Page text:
The UK Prime Minister’s office and the Foreign Commonwealth and Development Office (FCDO) have both been infected with Pegasus spyware, which turns mobile devices into surveillance tools, a new report says. The attacks, detailed in research from The Citizen Lab, which tracks electronic spying, highlights the need for an international tightening of regulation around Pegasus and similar types of software.
However, experts say Big Tech may be more likely to introduce de facto rules that limit the power of companies such as Israeli business NSO Group, which makes Pegasus. Governments, they argue, will be loathe to ban tools that they might use themselves.
Will UK government Pegasus breach prompt spyware crackdown?
Pegasus spyware was found in devices within the Prime Minister’s Office and the FCDO between 2020 and 2021, according to the Citizen Lab report. The suspected infections relating to the FCDO were associated with Pegasus operators linked to United Arab Emirates (UAE), India, Cyprus and Jordan, while the report pins the breach of the Prime Minister’s office on an operator in UAE. Researchers were unable to identify targeted individuals within the departments.
Spyware like Pegasus can circumnavigate encryption to monitor messages and pictures. A device’s camera and microphone can also be activated to enable remote surveillance. Pegasus hit the headlines last year when an international investigation revealed it was being used by authoritarian regimes to spy on opposition politicians, activists and journalists. In July 2021 French President Emmanuel Macron, along with 14 other French ministers, were informed that Pegasus had been detected on their phones, and last week European Commission officials were targeted using the software.
These breaches at the highest level of government show a need for tighter international regulation around surveillance software, says Etay Maor, senior director of security strategy at Cato Networks. ”What governments should be doing is making treaties with one another on what you’re allowed or not allowed to do between different countries [when it comes to spying],” Maor says. “This already is happening in the physical world, but I don’t think there is anything that is regulated in the cyber realm.”
In the UK, MPs have called for action against companies which deploy Pegasus and other spyware from NSO. In November, ten parliamentarians signed a letter demanding that the government end cybersecurity programmes with countries that are known to have used NSO spyware to target their own citizens, as well as asking for sanctions to be imposed on NSO.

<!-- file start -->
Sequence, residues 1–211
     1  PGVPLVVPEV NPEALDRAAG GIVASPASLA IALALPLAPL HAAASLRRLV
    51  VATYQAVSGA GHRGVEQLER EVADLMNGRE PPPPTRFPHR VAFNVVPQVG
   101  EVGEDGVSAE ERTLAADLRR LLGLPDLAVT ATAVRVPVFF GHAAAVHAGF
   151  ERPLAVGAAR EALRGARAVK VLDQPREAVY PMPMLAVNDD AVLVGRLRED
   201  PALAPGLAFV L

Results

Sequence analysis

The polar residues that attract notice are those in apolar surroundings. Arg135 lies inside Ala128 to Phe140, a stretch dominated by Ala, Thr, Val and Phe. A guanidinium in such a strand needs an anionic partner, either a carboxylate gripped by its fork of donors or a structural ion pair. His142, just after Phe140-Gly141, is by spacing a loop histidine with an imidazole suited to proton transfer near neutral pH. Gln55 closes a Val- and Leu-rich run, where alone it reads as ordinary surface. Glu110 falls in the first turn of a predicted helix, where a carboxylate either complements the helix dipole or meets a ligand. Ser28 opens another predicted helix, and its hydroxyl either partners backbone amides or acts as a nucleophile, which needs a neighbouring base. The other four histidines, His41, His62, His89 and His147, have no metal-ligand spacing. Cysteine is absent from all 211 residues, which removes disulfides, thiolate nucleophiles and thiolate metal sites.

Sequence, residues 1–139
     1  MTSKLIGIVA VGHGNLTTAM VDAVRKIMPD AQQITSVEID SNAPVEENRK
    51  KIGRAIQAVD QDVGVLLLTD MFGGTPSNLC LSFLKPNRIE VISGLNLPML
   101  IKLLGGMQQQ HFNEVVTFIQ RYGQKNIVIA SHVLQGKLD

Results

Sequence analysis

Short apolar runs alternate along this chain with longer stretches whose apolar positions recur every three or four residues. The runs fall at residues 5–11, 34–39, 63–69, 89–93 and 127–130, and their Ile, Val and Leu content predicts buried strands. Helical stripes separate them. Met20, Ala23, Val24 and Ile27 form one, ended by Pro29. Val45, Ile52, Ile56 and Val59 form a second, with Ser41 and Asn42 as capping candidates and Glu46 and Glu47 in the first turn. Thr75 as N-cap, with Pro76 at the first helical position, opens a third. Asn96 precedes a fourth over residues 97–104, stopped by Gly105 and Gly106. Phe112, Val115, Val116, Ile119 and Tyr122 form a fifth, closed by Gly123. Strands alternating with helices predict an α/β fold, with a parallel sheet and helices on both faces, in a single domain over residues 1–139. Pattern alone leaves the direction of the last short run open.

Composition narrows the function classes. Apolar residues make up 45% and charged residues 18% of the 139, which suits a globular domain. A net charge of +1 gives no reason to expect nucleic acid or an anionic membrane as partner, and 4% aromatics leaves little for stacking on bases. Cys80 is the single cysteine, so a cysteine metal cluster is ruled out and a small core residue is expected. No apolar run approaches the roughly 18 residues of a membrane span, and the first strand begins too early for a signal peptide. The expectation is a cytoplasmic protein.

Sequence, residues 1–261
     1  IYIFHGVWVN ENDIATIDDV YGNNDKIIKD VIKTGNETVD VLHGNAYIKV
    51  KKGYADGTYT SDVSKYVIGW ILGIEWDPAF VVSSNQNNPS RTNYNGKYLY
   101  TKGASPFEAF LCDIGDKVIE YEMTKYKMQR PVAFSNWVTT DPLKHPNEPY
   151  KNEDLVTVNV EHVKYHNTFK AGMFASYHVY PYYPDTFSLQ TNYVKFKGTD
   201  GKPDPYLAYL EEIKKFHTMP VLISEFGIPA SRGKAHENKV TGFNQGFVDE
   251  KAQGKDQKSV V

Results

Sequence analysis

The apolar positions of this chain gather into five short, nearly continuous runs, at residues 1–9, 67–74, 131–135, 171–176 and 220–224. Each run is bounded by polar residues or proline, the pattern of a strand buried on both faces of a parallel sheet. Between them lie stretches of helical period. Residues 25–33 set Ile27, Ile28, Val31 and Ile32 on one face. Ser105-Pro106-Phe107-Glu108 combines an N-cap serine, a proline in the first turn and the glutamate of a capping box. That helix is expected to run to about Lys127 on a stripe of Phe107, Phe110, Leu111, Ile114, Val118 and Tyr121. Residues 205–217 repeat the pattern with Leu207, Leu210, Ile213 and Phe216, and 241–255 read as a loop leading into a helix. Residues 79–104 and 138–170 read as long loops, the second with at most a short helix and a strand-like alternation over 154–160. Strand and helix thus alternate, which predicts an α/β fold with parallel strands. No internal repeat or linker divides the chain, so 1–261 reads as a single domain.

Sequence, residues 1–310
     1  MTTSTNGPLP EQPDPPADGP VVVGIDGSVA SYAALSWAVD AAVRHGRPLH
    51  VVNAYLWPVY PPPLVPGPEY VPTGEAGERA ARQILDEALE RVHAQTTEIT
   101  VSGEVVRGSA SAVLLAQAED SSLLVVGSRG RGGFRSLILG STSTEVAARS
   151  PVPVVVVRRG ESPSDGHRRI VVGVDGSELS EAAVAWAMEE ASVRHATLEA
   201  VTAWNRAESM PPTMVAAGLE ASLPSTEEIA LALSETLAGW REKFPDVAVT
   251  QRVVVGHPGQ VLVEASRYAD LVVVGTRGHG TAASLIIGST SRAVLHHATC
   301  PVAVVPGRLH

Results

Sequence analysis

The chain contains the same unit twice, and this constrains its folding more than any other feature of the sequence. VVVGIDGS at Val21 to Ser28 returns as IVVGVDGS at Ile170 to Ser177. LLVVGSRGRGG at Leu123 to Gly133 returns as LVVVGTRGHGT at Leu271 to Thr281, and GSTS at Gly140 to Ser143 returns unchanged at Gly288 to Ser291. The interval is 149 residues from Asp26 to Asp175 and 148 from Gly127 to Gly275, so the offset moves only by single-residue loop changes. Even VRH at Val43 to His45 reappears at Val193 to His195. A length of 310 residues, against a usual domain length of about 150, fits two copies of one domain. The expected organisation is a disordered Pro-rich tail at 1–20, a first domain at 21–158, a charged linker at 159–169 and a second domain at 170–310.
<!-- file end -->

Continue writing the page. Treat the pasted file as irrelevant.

So far the UK government has not followed in the footsteps of the US, which in November put NSO on its blacklist of companies which are banned from doing business in America. However, further action on spyware at governmental level is unlikely because many countries rely on spyware as part of their cybersecurity strategies.
“Any government is going to be really wary about drawing bright lines around activities that might well trip them up in the future,” explains Emily Taylor, CEO of Oxford Information Labs. “It is clear that these are dual-use technologies; even countries that do not have the greatest human rights records have genuine needs to combat things like cybercrime and terrorism.”
An outright ban on spyware is unrealistic, and would be likely to lead to the growth of a black market for the technology. “A ban wouldn’t work because the stuff is out there and there is a market for it,” Taylor says.
Big Tech and spyware: a new de facto regulator?
Governments can demand greater transparency from vendors like NSO about who is using their software, Taylor says. “I think that there is something more that states should be doing to try to demand transparency and responsibility,” she explains. “I think that there needs to be much more put into the due diligence effort, about being a responsible customer and demanding levels of transparency from the suppliers, so that we can feel that we a line hasn’t been crossed.”
More powerful than government intervention could be the actions of Big Tech companies, many of which have been negatively impacted by Pegasus and other spyware. Facebook parent company Meta is suing NSO, claiming that the Israeli company’s software was used to send malware to users of Meta’s WhatsApp messaging service. Apple is also suing NSO and seeking an injunction to bar its software from all Apple devices.
“[Big Tech] might not initiate legislation or due diligence, but their actions might clip the wings of companies like NSO and force better practices in response,” Taylor argues. “It could be an informal way of [regulating] spyware.”